The armed auto thieves have become so common here that parts of the bankrupt metropolis are referred to as "Carjack City," and many motorists fear getting out of their vehicles even for a few moments to fill a tank.
So gas stations are taking steps to protect customers, and the city has formed a special police team to go after suspects. Convicted carjackers will even get their faces and prison sentences plastered onto billboards.
"You need to catch these people and make a good example of them," said Mousa Bazzi, who owns a Mobil station in a semi-desolate neighborhood bordering Detroit's east riverfront. He keeps his business well-lit and continually has two to four employees inside to ensure "there's always an extra hand or two" in case of trouble.
Authorities blame many of the carjackings, ironically, on improvements in vehicle security. Anti-theft equipment, GPS systems and advanced locks now prevent many vehicles from being driven without a key in the ignition.
That makes it difficult or impossible for thieves to steal parked cars, leading them to target vehicles that are occupied, said Jonathan Parnell, of Detroit's auto-theft squad.
Also contributing to the thefts is a strong demand for stolen wheels and tires, police said.
Bazzi's station displays pale-green decals depicting a lighthouse — a sign that his business has joined the city's anti-carjacking effort. To be part of the program, stations must have security cameras, good lighting, be open 24 hours and have clerks willing to help motorists and provide a phone for emergency calls.
"There is a waiting list," Sgt. Michael Woody said. "We have so many gas stations that want to become a lighthouse. You get better protection with that big sticker in the window that tells criminals there is proper equipment that will help police investigate these crimes."
Detroit police reported 720 carjackings last year in the city of fewer than 700,000 people. That's down from nearly 850 in 2011 and 1,231 in 2008.
The decline may partly be due to Detroit's freefalling population, but the thefts still exceed the carjackings in some comparably sized U.S. cities.
Sharlonda Buckman, executive director of a Detroit nonprofit, was at a gas station on an October morning when she ran inside for aspirin. Back inside her SUV, she was just closing the door when she saw a carjacker shove his gun inside.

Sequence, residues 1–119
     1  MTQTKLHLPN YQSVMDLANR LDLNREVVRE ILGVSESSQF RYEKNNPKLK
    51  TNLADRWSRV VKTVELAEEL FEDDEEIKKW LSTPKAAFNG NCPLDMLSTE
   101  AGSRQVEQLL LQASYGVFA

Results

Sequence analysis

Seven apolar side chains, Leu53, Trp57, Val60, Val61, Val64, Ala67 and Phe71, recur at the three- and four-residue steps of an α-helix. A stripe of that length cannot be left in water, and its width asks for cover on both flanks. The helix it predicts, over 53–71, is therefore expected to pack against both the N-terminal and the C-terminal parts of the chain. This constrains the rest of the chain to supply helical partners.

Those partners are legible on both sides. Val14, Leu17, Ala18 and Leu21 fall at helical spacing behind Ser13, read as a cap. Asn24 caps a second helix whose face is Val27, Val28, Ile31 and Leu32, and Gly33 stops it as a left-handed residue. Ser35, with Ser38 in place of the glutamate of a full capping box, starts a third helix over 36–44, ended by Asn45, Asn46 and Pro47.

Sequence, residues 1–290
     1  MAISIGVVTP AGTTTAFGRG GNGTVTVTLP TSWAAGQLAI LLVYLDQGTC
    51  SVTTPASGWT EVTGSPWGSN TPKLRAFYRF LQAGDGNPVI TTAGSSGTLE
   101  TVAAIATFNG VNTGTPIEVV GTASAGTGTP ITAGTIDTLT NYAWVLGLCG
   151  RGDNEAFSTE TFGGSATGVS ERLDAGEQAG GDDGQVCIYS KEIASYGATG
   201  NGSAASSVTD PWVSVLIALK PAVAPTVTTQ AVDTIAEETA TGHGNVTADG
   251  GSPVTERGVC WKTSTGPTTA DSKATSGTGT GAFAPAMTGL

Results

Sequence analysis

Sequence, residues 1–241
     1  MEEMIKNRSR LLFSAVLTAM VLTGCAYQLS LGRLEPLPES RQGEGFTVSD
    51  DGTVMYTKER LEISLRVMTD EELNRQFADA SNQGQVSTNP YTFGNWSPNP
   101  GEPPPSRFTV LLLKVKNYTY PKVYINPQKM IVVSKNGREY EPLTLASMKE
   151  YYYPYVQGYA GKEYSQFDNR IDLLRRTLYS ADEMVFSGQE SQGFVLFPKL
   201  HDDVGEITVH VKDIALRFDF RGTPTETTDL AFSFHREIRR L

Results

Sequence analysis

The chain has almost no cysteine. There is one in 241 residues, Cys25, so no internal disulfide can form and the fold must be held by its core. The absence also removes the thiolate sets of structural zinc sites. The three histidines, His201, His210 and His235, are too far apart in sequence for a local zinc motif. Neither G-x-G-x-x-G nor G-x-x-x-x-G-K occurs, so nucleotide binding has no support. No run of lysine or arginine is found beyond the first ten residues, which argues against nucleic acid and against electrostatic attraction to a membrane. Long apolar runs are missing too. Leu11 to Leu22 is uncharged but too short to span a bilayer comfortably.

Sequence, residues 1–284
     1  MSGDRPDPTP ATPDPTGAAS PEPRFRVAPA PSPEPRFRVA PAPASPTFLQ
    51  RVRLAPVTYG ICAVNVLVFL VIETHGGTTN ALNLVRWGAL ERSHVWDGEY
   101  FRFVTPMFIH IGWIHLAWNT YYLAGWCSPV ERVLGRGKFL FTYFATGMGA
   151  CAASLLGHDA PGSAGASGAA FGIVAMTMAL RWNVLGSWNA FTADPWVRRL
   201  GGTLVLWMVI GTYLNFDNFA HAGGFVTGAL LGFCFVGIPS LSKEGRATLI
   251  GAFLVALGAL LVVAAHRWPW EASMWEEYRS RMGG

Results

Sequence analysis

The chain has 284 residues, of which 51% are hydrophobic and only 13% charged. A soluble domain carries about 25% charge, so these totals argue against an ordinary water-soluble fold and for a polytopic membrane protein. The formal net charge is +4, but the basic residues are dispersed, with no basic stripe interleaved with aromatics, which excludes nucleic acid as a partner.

She screamed and jumped out of the vehicle. The carjacker jumped in and drove off. Three other customers gave chase in their vehicles. One caught up to the SUV and got shot in the leg by the carjacker, who was later arrested.
Now, Buckman said, she tries not to pump gas at all.
"If the night catches me, I won't pump gas in the city," she said. "Or I'll call somebody to meet me."
It's difficult to know how Detroit's carjackings rank nationally because many police agencies lump carjackings with all armed robberies in annual reports to the FBI.
Newark, New Jersey, with a population of 280,000, had 382 carjackings last year, giving it a per capita rate that is actually higher than Detroit's. Memphis, Tennessee, with a population of 655,000, had slightly more than 400 carjackings over three years from 2011 through 2013. El Paso, a rapidly growing western Texas city of 670,000, reported only 15 carjackings last year and 18 in 2012.
Through May 19, Detroit has recorded 191 carjackings in 2014, including the Feb. 24 shooting death of CVS security guard Courtney Meeks, who rushed toward a car being taken by three men, and the Feb. 4 slaying of Donald Bradshaw, a 68-year-old man who was beaten to death with a tire iron after he was carjacked at an intersection.
Prosecutors, the FBI and Detroit police recently announced a campaign to spread the word about stiffer federal penalties for carjacking, which can include the death penalty if someone is killed. A similar campaign that includes billboards with photos of convicted carjackers started last summer in Newark.
Detroit police have also announced a partnership with General Motors' OnStar roadside assistance service to track down stolen vehicles and promote rewards tied to an anonymous tip line.
To avoid becoming a victim, security guard Greg Champion wears a handgun on his hip whenever he's pumping gas.
"I don't want to surprise you," Champion said. "I want you to know I'm armed, and I want you to know I can defend myself, and I want you to go somewhere else."
Christine Reed takes the opposite approach. The 27-year-old mother of two won't stop for gas in Detroit. She lives north of the city in Warren and works four days a week cleaning offices downtown.
If she's in a bad section of town, Reed said, she passes through red lights because it's tougher to carjack a moving target.
"It's not a safe place anymore," Reed said. "It's dangerous."
The state-appointed emergency manager tasked with restructuring Detroit's $18 billion in debt has said crime needs to be reduced to make the city attractive to new residents and businesses.
That's going to take more and better resources, said Wayne County Prosecutor Kym Worthy, who complains that she has only a few assistants to try carjackings.
"When nobody has any resources ... all we can be is reactive," she said.
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